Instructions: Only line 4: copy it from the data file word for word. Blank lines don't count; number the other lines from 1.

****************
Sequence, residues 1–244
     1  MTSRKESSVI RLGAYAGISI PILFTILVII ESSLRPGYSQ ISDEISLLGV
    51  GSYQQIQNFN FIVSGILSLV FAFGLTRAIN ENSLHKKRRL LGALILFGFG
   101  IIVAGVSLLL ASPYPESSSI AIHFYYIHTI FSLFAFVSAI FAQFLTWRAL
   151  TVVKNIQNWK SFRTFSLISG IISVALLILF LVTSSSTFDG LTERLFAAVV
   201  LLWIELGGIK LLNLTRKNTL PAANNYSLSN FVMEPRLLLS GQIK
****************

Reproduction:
   101  IIVAGVSLLL ASPYPESSSI AIHFYYIHTI FSLFAFVSAI FAQFLTWRAL